THE VIRGINIAN-PILOT Copyright (c) 1994, Landmark Communications, Inc. DATE: Sunday, October 30, 1994 TAG: 9410280262 SECTION: VIRGINIA BEACH BEACON PAGE: 04 EDITION: FINAL SOURCE: BY BILL REED, STAFF WRITER LENGTH: Medium: 77 lines
Station WVAB has had more lives than Dracula.
It was revived in 1991, after a 4 1/2-year hiatus in bankruptcy proceedings, with fresh blood in the form of Ronn Cowan, a 30-year-old First Colonial High School graduate with a background in real estate marketing and a lot of energy.
The AM station, the only one now operating in Virginia Beach, has been back on the air for a little more than a year and Cowan and his two associates have restructured the format to appeal to listeners who want news instead of talk-show blather.
So, WVAB - 1550 on the AM dial - is now beaming 24-hour feeds from CNN, a worldwide all-news television network based in Atlanta, to Virginia Beach dial twiddlers.
Included are regular hourly feeds from the news desk at WTKR-TV, a Norfolk-based CBS affiliate.
Cowan, and Luis Rivera, station public relations director, and Eddie Latour, director of promotions, arrived at the new direction through local telephone polling.
``We found a lot of people were getting tired of these radio talk-show stations,'' said Cowan. ``They wanted to know what was going on in the world without the editorial comment.''
WVAB can still be found on the AM radio dial, but you won't find the studio or offices over the Jewish Mother Restaurant on Pacific Avenue, its headquarters for the first 34 years of its existence.
The station now is ensconced in polished, carpeted and airy new digs in Reflections III, an upscale office building just off Lynnhaven Parkway on South Lynnhaven Road. Cowan and his small staff share space with Prudential Securities, a firm that Cowan says is ``our biggest sponsor and biggest supporter.''
Cowan bought the station license for $150,000 from the Federal Communications Commission, where it had lain dormant for more than four years. Previous owner, Ellek Seymour of Richmond, had been forced during bankruptcy proceedings to divest himself of the station, one of the 24 he had owned throughout Virginia, North Carolina and South Carolina.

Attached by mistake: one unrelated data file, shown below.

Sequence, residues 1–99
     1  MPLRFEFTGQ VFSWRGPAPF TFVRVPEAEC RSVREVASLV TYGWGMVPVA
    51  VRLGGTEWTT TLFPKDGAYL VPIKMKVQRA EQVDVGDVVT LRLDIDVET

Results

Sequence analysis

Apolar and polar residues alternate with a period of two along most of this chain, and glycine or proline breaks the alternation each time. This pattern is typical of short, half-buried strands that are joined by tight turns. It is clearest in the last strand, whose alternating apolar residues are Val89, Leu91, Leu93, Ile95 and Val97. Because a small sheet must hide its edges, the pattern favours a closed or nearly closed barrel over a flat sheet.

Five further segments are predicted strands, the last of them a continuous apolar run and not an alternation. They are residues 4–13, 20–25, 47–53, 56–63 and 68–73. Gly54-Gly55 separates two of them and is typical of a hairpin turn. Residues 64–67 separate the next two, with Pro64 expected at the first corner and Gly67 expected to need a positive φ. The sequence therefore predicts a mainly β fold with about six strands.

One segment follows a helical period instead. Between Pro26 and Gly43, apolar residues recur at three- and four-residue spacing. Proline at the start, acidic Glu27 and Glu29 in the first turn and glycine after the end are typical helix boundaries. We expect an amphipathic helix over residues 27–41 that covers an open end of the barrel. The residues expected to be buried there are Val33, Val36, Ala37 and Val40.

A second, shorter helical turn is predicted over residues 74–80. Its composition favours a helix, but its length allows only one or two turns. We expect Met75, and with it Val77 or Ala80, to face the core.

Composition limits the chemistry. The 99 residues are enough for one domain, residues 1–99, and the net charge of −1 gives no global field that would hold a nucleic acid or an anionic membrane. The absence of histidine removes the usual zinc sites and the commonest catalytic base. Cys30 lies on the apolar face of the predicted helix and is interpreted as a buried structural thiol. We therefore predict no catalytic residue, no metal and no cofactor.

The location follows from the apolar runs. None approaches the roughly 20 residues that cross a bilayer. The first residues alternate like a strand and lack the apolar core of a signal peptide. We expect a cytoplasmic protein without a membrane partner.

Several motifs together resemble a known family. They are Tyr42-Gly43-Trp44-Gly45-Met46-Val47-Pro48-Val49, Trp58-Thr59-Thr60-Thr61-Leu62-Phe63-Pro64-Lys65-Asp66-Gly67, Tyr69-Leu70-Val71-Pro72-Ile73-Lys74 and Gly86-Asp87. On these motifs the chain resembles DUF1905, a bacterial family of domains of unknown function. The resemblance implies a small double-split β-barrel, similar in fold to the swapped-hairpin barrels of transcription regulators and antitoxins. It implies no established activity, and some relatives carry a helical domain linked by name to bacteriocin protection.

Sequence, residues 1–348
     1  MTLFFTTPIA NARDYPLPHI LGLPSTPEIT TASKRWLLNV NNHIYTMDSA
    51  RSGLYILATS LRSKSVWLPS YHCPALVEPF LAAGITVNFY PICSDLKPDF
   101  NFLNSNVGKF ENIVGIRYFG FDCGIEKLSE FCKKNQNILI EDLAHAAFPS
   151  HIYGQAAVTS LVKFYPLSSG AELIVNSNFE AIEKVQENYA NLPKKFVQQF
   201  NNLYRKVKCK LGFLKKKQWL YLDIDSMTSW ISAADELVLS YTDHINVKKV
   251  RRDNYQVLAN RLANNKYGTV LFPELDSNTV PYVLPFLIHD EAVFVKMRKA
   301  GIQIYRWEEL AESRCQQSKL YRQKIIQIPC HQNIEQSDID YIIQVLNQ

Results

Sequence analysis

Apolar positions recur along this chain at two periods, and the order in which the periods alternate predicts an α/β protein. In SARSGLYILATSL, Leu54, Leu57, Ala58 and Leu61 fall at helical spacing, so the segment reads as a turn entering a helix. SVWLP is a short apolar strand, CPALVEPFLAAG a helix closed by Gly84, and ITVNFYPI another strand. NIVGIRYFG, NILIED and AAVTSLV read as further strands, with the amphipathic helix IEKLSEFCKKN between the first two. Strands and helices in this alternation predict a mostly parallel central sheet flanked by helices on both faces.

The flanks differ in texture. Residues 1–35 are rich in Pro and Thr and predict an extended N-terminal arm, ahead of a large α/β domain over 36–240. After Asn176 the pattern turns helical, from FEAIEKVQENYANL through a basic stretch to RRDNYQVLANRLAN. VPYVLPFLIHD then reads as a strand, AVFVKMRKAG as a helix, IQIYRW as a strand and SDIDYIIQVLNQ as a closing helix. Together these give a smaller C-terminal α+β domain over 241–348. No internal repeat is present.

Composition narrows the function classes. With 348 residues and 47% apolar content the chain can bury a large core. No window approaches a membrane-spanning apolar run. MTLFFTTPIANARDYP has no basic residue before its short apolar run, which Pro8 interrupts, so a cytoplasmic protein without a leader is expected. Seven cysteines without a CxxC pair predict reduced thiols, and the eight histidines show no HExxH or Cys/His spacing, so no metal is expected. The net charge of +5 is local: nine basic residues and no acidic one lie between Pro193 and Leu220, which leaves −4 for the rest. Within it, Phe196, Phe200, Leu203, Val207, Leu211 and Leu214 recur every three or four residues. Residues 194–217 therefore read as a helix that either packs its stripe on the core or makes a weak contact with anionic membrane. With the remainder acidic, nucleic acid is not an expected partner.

Seymour bought WVAB in 1986 from Ed Frech, president of Atlantic Broadcasting, after the station had been off the air for 17 months.
Its previous owner was Sea Broadcasting, headed by the late Sidney Kellam, a political power in the formative years of Virginia Beach. In its past lives, WVAB had been a pop and rock music station, relying on a series of itinerant disc jockeys to purvey their various musical tastes to a limited local audience until advertising revenues trickled to a halt.
The big difference in WVAB now, said Luis Rivera, 45, a former ABC television newsman, is that its operation is entirely computerized.
``It's a digital system and it runs itself,'' he said. ``It's revolutionized the business.''
Rivera said news feeds from CNN and WTKR-TV are piped directly into the computer which, after a few buttons are pressed, airs the programs at the desired times, round the clock. No cassettes. No 8-track tapes to shove into players.
A part-time staff of technicians is on call to make any electronic adjustments or to fix things if the system crashes, he said.
``We're over most of the obstacles,'' said Cowan. ``Now our goal is to become THE news radio station in this market.''
``We have a lot of faith and a lot of energy,'' said Latour, 31, an Old Dominion University graduate with a background in consulting in the insurance industry. ``Virginia Beach has one AM station, and we're it.'' ILLUSTRATION: Staff photo by DAVID B. HOLLINGSWORTH
``We found a lot of people were getting tired of these radio
talk-show stations,'' said Ronn Cowan, owner and general manager of
WVAB. ``They wanted to know what was going on in the world without
the editorial comment.''